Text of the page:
February 14, 2004

God has quickened us together with Christ

This is what God did “even when we were dead in our transgressions, made us alive together with Christ (by grace you have been saved), and raised us up with Him, and seated us with Him in the heavenly places in Christ Jesus . . . “ (Ephesians 2:5-6).

We are identified as living members of the body of Christ. By identification with Christ, we have experienced a co-crucifixion and a co-resurrection with Christ. “Therefore we have been buried with Him through baptism into death, so that as Christ was raised from the dead through the glory of the Father, so we too might walk in newness of life. For if we have become united with Him in the likeness of His death, certainly we shall also be in the likeness of His resurrection” (Romans 6:4-5). This is the newness of life that comes through our new identity with Christ.

Paul tells us in verse six that we have been set free from the obligation to obey the old man (v. 6). The dead man has been freed from the control by the sin nature. That is not to say we do not experience temptation. It does not mean that we do not sin. The facts are we do sin. We are not perfect. Nevertheless, there has occurred a radical change in our lives.

Jesus Christ went to the cross and died as our substitute that He might redeem those who were spiritually dead. Now that we have put our faith in Christ He has made us alive in Him.

Paul is so identified with Christ that when Christ died as his substitute and paid the penalty due to the law Paul declares I died to the law, too. It not longer has claim over him. Paul abandoned it as a means of justification. He was saved by grace alone. The law provided no remedy for sin. Instead, it condemned Paul and proved him a guilty sinner. It made him a sinner and it punished him for being one. There was no freedom in the law.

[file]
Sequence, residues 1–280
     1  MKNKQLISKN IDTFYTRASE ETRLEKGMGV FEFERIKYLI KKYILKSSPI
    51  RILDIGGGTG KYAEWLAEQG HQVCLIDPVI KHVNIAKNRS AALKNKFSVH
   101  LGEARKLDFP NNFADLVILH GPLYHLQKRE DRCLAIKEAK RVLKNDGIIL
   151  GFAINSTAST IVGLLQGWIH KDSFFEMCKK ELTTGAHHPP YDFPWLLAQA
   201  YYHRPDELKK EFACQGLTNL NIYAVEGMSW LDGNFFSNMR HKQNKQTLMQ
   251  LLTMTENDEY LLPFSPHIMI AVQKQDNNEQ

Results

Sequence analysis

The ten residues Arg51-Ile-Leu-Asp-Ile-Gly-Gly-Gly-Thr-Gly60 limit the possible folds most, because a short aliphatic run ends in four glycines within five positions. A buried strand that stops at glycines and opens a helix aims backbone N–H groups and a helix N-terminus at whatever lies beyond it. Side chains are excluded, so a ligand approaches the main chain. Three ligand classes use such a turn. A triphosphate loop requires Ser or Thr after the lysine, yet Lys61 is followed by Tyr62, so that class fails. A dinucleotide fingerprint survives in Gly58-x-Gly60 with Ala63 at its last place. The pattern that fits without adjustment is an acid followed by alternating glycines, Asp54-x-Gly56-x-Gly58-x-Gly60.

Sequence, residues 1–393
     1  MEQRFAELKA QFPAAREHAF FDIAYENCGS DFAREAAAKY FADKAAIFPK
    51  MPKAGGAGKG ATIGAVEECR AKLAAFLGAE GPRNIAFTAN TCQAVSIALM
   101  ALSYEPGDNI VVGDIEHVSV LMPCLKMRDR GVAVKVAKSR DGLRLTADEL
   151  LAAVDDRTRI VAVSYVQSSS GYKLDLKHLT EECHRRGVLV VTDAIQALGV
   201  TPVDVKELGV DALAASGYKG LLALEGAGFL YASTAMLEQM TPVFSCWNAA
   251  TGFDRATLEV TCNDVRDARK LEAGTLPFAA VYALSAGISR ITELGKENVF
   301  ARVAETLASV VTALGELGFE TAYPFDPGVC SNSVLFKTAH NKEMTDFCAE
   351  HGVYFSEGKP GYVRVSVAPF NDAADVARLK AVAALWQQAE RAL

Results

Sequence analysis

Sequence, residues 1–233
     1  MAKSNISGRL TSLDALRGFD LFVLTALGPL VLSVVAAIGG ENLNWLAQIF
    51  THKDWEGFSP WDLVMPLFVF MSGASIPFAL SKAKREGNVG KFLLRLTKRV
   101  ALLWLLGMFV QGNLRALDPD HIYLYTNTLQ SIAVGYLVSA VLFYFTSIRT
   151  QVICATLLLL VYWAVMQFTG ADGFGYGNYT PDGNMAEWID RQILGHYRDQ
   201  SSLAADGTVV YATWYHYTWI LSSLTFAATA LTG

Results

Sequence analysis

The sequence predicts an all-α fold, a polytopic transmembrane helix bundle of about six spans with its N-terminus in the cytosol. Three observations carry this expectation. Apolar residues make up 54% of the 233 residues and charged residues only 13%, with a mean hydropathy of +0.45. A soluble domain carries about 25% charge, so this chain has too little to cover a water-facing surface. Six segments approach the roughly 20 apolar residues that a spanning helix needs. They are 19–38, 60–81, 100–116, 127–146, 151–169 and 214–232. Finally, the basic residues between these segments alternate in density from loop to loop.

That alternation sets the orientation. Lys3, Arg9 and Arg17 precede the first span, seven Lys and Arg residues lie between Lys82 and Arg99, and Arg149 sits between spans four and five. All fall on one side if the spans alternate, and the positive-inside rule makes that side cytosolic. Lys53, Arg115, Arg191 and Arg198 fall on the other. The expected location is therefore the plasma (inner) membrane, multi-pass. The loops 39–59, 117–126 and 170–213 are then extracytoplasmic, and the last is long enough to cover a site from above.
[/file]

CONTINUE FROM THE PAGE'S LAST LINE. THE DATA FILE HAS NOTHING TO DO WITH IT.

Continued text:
The Lord Jesus died under the demands of the law and satisfied its requirements. “All believers,” Kenneth Wuest reminds us, “were identified with Christ in His death and also in His resurrection, and thus have passed out of the realm of divine law so far as its legalistic aspect is concerned.” Paul died to the law so that he could freely live to please God.

The law demanded the death penalty for all sinners, and Christ paid that death penalty for all sinners by going to the cross and dying. The law killed Him. It declared our Representative guilty and punished Him for our guilt. Because we are so identified with Him by faith, He has freed us from the demands of that death penalty and the law. Now Paul can say I died to the law because I was crucified with Christ.

Therefore, Paul could declare, “I am crucified with Christ.” It was a “past completed action having present finished results.” His “identification with Christ at the cross was a past fact, and the spiritual benefits that have come to him through his identification are present realities with him.” The demands of the law for Paul’s death penalty have been completely satisfied in Christ’s substitutionary death. God has acquitted Paul based upon the death of Christ as his substitute. Therefore, the law had no more demands on Paul and the power of old Adam’s nature over Paul was broken.